Fenbendazole, also known as “Fenben,” is a broad-spectrum anthelmintic that has been used in both the human and veterinary fields for nearly six decades. It belongs to a group of drugs called the benzimidazole carbamate anthelmintics, and it has been found to be extremely effective against worms. Fenbendazole is able to kill parasites by binding to their microtubules and disrupting the tubulin microtubule equilibrium. This causes the helminths to lose their motility and disintegrate, leading to apoptosis. In a similar way, fenbendazole also interferes with the function of microtubules in normal mammalian cells by blocking their ability to stabilize themselves.
The effectiveness of fenbendazole for the treatment of cancer is due to its dual mechanism of action, which targets both microtubules and chromatin. The binding of fenbendazole to the microtubules blocks their formation and alters their dynamics, whereas its effects on chromatin are due to its inhibition of the polymerization process that binds dNA to chromosomes. This prevents chromatin from reaching the nucleus, and thereby blocks transcription and replication. The synthesis of dNA by normal cells is then inhibited, and this results in a loss of cell cycle control. The apoptosis that occurs as a result of this loss of cell cycle control results in the death of tumor cells.
In an experiment described in the Table, BALB/cRw mice with EMT6 tumors were randomized at a mean tumor volume of 100 mm3 to serve as untreated controls, or to receive three daily i.p. injections of fenbendazole followed by local tumor irradiation with 10 Gy. Tumor growth curves for the three fenbendazole-treated groups were indistinguishable from those of control tumors. After the mice reached a mean tumor volume of 1000 mm3, they were euthanized and necropsied. No evidence of local invasion or lymph node metastases was observed in any of the animals, nor were a significant number of lung metastases present at necropsy (Table I).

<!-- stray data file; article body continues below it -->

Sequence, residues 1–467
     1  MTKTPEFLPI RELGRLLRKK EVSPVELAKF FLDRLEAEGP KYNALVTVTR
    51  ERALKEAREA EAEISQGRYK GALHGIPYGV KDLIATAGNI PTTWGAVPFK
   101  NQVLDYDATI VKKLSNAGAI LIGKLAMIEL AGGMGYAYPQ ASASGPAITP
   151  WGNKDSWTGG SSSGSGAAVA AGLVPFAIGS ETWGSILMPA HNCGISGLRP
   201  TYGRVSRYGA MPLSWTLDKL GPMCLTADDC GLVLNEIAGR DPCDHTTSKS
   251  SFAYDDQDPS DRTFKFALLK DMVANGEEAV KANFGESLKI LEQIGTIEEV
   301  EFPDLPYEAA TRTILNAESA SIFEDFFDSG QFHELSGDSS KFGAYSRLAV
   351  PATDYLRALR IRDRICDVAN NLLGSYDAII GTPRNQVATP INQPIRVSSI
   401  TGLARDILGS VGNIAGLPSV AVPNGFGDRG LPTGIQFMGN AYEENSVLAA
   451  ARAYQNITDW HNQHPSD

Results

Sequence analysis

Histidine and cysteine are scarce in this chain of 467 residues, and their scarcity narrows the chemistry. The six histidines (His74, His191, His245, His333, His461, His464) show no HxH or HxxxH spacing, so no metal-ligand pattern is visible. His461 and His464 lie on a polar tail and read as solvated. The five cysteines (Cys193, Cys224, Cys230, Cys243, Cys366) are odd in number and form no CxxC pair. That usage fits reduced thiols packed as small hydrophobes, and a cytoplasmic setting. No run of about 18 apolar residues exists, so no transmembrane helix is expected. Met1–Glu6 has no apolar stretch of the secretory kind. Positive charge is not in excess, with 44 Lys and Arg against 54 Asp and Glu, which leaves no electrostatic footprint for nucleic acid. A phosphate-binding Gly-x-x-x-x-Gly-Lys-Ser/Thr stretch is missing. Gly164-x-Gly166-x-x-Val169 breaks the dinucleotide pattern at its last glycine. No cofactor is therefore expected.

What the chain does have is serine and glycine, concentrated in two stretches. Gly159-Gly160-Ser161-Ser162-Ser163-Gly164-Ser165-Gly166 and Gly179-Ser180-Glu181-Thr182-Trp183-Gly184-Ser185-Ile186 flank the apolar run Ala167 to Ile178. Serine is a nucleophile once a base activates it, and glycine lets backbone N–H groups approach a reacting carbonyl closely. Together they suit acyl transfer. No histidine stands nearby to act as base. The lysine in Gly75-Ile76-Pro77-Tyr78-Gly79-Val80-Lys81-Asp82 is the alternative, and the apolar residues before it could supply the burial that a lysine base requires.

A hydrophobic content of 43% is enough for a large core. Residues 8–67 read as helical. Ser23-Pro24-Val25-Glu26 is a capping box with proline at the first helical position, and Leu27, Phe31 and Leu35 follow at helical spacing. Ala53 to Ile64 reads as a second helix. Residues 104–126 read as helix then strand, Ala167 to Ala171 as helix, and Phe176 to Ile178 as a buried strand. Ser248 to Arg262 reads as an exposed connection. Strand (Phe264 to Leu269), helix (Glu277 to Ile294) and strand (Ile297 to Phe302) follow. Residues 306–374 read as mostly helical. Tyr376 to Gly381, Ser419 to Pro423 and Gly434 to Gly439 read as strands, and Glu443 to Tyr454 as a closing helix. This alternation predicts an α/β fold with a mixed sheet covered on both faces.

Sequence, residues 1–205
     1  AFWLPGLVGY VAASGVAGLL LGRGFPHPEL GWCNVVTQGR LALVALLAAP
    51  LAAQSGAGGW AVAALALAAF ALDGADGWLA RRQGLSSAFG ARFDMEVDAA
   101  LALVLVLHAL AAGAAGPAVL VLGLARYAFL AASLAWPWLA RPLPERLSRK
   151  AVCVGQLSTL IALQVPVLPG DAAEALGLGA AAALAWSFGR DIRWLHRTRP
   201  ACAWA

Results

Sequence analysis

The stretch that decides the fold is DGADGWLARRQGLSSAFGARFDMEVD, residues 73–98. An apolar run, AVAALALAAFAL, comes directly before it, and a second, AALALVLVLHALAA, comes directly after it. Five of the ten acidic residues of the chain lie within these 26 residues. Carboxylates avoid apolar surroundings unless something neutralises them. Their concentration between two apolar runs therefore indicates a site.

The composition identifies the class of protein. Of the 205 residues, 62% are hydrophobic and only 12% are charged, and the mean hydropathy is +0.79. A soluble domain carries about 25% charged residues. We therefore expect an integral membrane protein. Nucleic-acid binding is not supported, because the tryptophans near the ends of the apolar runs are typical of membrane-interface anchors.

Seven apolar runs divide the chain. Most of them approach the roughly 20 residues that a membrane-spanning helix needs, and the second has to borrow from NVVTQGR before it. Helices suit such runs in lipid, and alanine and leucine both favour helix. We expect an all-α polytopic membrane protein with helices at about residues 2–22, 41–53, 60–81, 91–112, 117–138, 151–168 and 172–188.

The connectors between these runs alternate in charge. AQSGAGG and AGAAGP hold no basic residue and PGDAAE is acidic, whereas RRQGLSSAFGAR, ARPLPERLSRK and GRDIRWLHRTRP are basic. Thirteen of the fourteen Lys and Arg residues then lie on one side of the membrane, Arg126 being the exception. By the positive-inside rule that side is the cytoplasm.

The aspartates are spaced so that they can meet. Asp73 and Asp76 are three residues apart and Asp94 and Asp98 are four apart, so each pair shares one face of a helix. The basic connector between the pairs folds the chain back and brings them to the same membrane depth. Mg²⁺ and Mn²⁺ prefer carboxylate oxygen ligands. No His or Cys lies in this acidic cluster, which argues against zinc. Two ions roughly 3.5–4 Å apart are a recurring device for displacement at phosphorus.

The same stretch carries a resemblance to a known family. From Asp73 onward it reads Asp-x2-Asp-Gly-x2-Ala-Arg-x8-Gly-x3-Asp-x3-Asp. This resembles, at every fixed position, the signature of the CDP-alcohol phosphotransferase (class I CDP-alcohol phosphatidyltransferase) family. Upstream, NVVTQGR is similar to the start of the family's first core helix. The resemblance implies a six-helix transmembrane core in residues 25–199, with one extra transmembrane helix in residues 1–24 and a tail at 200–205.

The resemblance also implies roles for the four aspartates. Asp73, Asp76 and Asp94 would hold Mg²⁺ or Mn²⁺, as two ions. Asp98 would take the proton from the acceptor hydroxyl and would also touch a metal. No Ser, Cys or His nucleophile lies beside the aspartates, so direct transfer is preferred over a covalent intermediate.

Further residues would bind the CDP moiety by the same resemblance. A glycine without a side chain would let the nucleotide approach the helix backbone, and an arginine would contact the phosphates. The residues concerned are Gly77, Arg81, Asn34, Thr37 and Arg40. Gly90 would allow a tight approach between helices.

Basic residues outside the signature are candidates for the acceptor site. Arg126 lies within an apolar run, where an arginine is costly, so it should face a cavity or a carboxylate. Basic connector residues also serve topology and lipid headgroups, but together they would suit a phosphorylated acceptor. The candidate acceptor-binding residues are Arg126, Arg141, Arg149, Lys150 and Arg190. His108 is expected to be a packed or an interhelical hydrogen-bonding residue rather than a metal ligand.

Other experiments have examined the effect of fenbendazole on the radiation response of the EMT6 cells to irradiation and to three daily i.p. injections with fenbendazole given one day before, 2 h before, or one day after irradiation. These studies found no change in either the time to a four-fold increase in volume or the radiation response of the untreated tumors, or the tumor growth or radiation response for the EMT6 tumors treated with three daily i.p. injections and 10 Gy of irradiation.
In these experiments, the cultures were placed in stainless steel pressure bottles and made hypoxic by sealing the lids with rubber gaskets, inserting needles for influx and efflux of gases, and incubating under hypoxia at 37°C for 1 h to produce severe hypoxia. The cultures were then injected with the fenbendazole solution through the septum without breaking the hypoxia and incubated for a further 2 h. Relative surviving fractions were calculated using either the untreated control cultures (for docetaxel alone) or the corresponding fenbendazole-treated cultures from the same experiment for each dose of irradiation. fenbendazole cures cancer